In Part III.A of the Order, Special Master Parcher granted the Marsh Defendants' request for documents concerning investigations of the New Jersey Pension system by the Securities and Exchange Commission ("SEC") and the United States Attorney's Office ("USAO"), on the ground that such information could bear upon NJDOI's adequacy as a class representative. (See Order 9-10.) Lead Plaintiffs contend that the Special Master erred by (a) refusing to consider class-certification case law on the issue of whether the requested discovery fulfilled Rule 26(b)'s relevancy requirement, and (b) concluding that information regarding an investigation implicating the New Jersey Department of Treasury's Division of Pensions and Benefits ("DOBP"), a separate Treasury division from NJDOI, is relevant to NJDOI's adequacy as a class representative. (Lead Pls.' Obj. 18.)

With respect to Lead Plaintiffs' first assignment of error, the Court concludes that (a) the Special Master did not improperly overlook relevant precedent, and (b) even if he had, the Court's own review of that case law shows that Lead Plaintiffs' arguments regarding relevancy lack merit. In the Order, the Special Master stated that the cases cited by Lead Plaintiffs "are not on point" because they address "the ultimate question as to whether NJDOI is a proper representative of the certified class," and not the threshold determination of "the proper scope of discovery." (Order 9-10.) As an initial matter, this comment does not, as Lead Plaintiffs intimate, demonstrate that the Special Master rejected the case law that they presented without even reviewing its contents. His later order instead suggests that he examined that case law but found it unpersuasive because it provided guidance only as to the weight to be accorded to certain, already-discovered information, and not as to the propriety of disclosing that information during discovery. (04 Cv. 8144 (SWK), Dkt. No. 216 ("Reconsideration Order") 2.) Therefore, it is unlikely that the Special Master improperly overlooked relevant material in reaching his decision.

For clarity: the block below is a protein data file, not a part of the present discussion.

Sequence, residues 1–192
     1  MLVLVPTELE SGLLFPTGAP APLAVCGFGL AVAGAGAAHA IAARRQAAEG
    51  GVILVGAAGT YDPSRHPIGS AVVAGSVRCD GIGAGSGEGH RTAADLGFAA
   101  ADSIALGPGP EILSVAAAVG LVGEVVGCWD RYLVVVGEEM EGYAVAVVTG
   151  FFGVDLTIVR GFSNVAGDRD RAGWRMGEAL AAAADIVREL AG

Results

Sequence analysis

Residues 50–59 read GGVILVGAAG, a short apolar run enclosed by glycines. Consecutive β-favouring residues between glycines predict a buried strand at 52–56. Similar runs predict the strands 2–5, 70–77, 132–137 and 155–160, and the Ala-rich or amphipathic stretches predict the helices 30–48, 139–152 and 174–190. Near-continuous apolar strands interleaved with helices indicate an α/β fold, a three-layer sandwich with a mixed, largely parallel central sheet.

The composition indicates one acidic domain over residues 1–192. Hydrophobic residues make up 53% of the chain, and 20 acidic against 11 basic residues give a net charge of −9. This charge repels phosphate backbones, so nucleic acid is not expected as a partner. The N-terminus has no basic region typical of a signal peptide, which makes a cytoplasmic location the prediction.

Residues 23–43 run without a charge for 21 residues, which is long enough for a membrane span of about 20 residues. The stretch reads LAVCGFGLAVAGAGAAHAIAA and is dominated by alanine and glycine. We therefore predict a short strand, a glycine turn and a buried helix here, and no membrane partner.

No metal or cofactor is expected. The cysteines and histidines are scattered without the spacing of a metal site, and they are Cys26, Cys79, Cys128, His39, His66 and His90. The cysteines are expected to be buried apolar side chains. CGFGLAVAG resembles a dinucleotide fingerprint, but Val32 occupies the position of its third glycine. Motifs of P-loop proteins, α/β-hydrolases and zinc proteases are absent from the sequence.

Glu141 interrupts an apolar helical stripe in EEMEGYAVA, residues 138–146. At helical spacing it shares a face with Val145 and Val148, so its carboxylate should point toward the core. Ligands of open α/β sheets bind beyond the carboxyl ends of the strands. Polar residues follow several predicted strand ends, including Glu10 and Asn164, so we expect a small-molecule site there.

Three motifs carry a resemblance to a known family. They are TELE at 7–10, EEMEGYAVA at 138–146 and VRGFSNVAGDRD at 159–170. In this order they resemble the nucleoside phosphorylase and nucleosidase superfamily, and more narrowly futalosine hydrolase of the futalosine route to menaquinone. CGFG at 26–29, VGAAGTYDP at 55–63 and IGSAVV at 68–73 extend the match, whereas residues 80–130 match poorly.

Even assuming arguendo that the Special Master's analysis was incomplete, the Court's own review of the case law yields the same conclusion. Because many courts--including those in the case law cited by Lead Plaintiffs--review information regarding investigations, charges, and determinations of wrongdoing in deciding whether a proposed class representative will adequately represent a putative class, see, e.g., In re Leapfrog Enters., Inc. Sec. Litig., 03 Cv. 5421 (RMV), 2005 WL 3801587, at *4 (N.D. Cal. Nov. 23, 2005); In re Surebeam Corp. Sec. Litig., 03 Cv. 1721 (JM) (PDR), 2004 WL 5159061, at *7 (S.D. Cal. Jan. 5, 2004); In re Network Assocs. Sec. Litig., 76 F. Supp. 2d 1017, 1029 (N.D. Cal. 1999), that information is relevant to the class-certification inquiry. The cases upon which Lead Plaintiffs primarily rely are examples in which courts have made fact-specific determinations that the existence of particular investigations, prosecutions, or convictions is not persuasive (in that it fails to rebut the presumption of adequacy afforded to a lead plaintiff)--and not that it is utterly irrelevant or inadmissible. See, e.g., In re Leapfrog, 2005 WL 3801587, at *4 (holding that past securities law infractions did not render lead plaintiff inadequate because "character" of institution is difficult to discern and cited wrongdoing was less severe than that found to be persuasive in other cases); see also In re Waste Mgmt., Sec. Litig., 128 F. Supp. 2d 401, 419, 432 (S.D. Tex. 2000) (appointing state retirement plan and trust fund as lead plaintiff despite competing movant's assertion of inadequacy based on criminal investigation of pension-asset disposition). The Court therefore concludes that, as a general matter, courts have discretion to permit discovery relating to an institutional plaintiff's possible misconduct or criminality.